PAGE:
Why do divorce rates spike in January?
January is widely acknowledged to be one of the most depressing months of the year. Following the Christmas festivities, we’re faced with the back-to-work slump, cold, gloomy days and what feels like a long wait until spring. The third Monday of January is even known as ‘Blue Monday’, and is considered to be the most depressing day of the entire year.
But did you know that January has also been dubbed as ‘Divorce Month’, with anecdotal evidence from solicitors across the country suggesting that divorce rates typically spike during the first 31 days of each year?
But is this true and – if it is – why would this be?
New Year – the ultimate time for divorce?
A BBC article published in January 2023 on this topic cited evidence from various law firms and the Welsh arm of relationship counselling charity Relate, all of whom stated that they had seen a surge in enquiries that month. On 3 January 2023 alone (the first Monday in January, colloquially known as ‘Divorce Day’ in some legal circles), Relate said it received 50 enquiries for support compared with 8 or 9 per day in December 2022.
Indeed, Ministry of Justice (MoJ) statistics for 2023 appear to bear this out. We can see that in the first quarter of the year, 28,865 divorce applications were filed compared with 24,624 in the second quarter. This means that in 2023, there were 16% more divorce applications between January and March than there were between April and June.
Of course, it’s difficult to get a real grasp on the numbers because so much of the evidence we hear is anecdotal, but it does seem to be widely accepted that the New Year sees many more couples turning their thoughts to separation and a fresh start. And it’s certainly something that our Family Law team experiences every year at Woodfines Solicitors.
It is believed that there are several reasons for the January spike in divorce enquiries:
- The stress of Christmas…
Christmas is supposedly ‘the most wonderful time of the year’ – but for unhappily married couples, it can also be highly stressful. Locked up in the house together during the festive season and putting on a brave face for friends, family and the children can really pile the pressure on and the whole situation can act as a catalyst for couples to realise that they can’t continue on in their relationship.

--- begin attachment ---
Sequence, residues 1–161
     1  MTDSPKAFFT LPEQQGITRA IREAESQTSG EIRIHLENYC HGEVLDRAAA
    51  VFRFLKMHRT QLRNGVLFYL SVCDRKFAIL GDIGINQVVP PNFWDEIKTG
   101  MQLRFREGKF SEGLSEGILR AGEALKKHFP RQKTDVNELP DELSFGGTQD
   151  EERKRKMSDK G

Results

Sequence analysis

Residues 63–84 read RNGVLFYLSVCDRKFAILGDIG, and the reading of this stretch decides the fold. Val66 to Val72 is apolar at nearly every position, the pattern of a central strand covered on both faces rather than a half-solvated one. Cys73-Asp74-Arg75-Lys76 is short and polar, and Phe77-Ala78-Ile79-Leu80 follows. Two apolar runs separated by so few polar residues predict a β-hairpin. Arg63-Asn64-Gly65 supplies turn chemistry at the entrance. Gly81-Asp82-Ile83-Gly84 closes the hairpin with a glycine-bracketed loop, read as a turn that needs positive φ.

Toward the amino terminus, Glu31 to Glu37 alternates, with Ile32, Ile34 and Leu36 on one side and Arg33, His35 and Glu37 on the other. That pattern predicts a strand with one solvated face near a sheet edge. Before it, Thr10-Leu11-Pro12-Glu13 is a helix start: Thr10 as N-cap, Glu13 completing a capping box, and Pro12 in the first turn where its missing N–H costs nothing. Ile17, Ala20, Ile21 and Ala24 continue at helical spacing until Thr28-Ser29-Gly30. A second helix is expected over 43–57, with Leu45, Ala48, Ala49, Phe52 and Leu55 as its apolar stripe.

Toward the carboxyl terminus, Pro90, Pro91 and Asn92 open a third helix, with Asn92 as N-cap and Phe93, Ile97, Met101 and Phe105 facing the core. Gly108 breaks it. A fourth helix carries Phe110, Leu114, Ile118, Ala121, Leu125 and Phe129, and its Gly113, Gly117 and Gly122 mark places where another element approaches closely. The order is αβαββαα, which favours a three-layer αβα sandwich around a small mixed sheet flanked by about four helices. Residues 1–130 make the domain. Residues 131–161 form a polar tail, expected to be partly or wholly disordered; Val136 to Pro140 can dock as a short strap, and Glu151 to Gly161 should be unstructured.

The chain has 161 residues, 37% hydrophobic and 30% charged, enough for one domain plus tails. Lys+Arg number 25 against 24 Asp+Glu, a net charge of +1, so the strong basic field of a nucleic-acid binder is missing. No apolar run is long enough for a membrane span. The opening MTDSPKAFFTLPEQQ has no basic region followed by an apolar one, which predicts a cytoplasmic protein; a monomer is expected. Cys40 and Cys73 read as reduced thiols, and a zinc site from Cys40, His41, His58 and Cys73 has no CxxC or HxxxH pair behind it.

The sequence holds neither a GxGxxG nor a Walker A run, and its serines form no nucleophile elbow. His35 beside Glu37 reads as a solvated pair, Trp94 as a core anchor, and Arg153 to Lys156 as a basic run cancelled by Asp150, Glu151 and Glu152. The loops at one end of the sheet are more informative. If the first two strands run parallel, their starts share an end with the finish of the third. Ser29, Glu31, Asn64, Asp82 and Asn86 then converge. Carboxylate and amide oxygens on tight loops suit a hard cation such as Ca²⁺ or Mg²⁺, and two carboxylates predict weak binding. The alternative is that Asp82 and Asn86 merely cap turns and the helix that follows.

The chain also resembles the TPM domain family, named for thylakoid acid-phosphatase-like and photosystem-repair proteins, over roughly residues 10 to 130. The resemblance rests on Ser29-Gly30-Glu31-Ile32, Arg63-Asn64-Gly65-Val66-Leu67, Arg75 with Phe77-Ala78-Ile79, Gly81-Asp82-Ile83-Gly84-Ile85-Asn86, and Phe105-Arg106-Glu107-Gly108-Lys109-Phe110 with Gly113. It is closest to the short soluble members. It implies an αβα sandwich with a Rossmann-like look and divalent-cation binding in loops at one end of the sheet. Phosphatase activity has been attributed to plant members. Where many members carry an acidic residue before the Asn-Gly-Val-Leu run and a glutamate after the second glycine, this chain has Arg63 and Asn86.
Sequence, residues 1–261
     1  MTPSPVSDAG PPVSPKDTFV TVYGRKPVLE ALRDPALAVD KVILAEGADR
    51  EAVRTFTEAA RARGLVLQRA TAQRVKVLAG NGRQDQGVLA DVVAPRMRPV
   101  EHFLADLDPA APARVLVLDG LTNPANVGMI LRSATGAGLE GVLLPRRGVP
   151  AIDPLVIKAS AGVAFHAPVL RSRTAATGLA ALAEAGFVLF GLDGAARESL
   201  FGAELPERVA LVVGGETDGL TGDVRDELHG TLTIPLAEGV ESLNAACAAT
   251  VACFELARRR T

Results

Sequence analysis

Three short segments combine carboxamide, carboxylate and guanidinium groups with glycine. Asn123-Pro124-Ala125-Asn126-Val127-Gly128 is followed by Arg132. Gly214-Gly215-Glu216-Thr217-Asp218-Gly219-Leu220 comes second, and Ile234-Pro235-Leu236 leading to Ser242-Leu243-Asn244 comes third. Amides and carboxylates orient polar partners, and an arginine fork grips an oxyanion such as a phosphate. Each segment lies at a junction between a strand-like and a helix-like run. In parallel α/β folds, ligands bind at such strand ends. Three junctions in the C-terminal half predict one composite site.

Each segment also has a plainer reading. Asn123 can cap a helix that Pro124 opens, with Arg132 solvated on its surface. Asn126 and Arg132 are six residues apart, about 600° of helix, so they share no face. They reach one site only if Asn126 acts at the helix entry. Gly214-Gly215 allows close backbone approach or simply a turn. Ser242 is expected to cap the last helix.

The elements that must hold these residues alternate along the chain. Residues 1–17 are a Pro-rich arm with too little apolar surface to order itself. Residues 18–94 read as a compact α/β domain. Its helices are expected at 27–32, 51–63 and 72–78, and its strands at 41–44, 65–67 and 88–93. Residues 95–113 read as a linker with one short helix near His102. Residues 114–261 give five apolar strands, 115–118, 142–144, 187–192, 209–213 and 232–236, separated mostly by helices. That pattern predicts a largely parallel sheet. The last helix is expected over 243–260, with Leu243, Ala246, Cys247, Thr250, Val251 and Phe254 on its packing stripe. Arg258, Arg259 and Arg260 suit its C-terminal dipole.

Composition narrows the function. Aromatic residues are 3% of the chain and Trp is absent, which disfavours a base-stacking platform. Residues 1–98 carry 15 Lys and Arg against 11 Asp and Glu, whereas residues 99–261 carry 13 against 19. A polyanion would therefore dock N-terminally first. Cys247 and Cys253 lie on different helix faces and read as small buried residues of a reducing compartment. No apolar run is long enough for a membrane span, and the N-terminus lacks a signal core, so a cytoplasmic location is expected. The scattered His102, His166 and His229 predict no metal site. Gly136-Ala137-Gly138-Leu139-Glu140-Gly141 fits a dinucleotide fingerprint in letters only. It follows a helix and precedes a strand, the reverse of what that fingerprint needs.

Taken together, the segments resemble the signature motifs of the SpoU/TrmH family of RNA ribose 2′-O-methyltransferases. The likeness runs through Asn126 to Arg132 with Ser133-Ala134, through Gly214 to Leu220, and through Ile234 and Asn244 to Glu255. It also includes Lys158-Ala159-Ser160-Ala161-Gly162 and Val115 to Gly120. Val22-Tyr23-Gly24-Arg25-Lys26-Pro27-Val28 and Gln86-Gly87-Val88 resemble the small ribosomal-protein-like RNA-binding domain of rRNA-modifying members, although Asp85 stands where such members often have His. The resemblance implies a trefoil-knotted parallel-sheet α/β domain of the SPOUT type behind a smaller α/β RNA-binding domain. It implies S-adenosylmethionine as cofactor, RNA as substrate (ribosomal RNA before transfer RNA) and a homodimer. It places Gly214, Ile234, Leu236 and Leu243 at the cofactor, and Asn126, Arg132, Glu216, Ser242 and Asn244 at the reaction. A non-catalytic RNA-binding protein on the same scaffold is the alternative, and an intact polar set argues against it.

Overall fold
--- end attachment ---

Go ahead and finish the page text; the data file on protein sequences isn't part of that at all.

- …and the financial fallout
For many families, Christmas also piles on the financial pressure, with the average Briton expected to spend over £600 on Christmas presents this year. And that’s without mentioning increased spending on food, alcohol and festive socialising. Money worries can put a massive strain on relationships, so it’s unsurprising that the cracks might start to show in January.
- The holidays are sacred
In the UK, there is a huge amount of pressure to enjoy Christmastime, which means that nobody wants to upset the applecart and ‘spoil things’ for everyone during December. The prevailing attitude seems to be one of ‘waiting it out’ until the festivities are over – hence a spike in enquiries during January.
- New Year, new you
The New Year is a time of new resolutions, new leaf-turning and fresh starts. As our thoughts turn to what we want to change about our lives and achieve in the future, it is unsurprising that some people will be thinking about their marriage and whether they want to spend another year unhappily married to their spouse.
- Feeling blue
As we mentioned earlier, January is widely considered to be one of the most depressing months of the year. According to the latest release from the Office for National Statistics, around one in five UK adults experienced some form of depression in early 2021, rising to 35% amongst those who were struggling for money.
When things feel hopeless, it can be more difficult to see any positives in a relationship and easier to feel negative about the future, which may be why solicitors tend to see more divorce enquiries in January.
Here to support you
No matter when in the year it happens, coming to the realisation that you are unhappy in your marriage is really hard. During such times, being able to talk to somebody who understands your situation and who can offer some practical, sound advice from a place of real knowledge can feel like a godsend.
If you are in this position and would like to speak to a sympathetic, friendly member of our Family Law team, do feel free to get in touch on 0344 967 2505 or email us at firstname.lastname@example.org and we’ll be happy to talk things through with you.